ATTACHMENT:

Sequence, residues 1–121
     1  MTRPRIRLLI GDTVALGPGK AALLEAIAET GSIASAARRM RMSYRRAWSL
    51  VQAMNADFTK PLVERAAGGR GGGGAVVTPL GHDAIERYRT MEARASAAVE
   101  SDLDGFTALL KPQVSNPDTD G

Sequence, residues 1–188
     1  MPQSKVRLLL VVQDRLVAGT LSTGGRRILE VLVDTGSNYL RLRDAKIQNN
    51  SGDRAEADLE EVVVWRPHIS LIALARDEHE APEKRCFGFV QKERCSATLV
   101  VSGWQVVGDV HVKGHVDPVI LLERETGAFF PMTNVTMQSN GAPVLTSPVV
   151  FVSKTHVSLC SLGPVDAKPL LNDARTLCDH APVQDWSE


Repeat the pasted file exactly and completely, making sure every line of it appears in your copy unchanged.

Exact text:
Sequence, residues 1–121
     1  MTRPRIRLLI GDTVALGPGK AALLEAIAET GSIASAARRM RMSYRRAWSL
    51  VQAMNADFTK PLVERAAGGR GGGGAVVTPL GHDAIERYRT MEARASAAVE
   101  SDLDGFTALL KPQVSNPDTD G

Sequence, residues 1–188
     1  MPQSKVRLLL VVQDRLVAGT LSTGGRRILE VLVDTGSNYL RLRDAKIQNN
    51  SGDRAEADLE EVVVWRPHIS LIALARDEHE APEKRCFGFV QKERCSATLV
   101  VSGWQVVGDV HVKGHVDPVI LLERETGAFF PMTNVTMQSN GAPVLTSPVV
   151  FVSKTHVSLC SLGPVDAKPL LNDARTLCDH APVQDWSE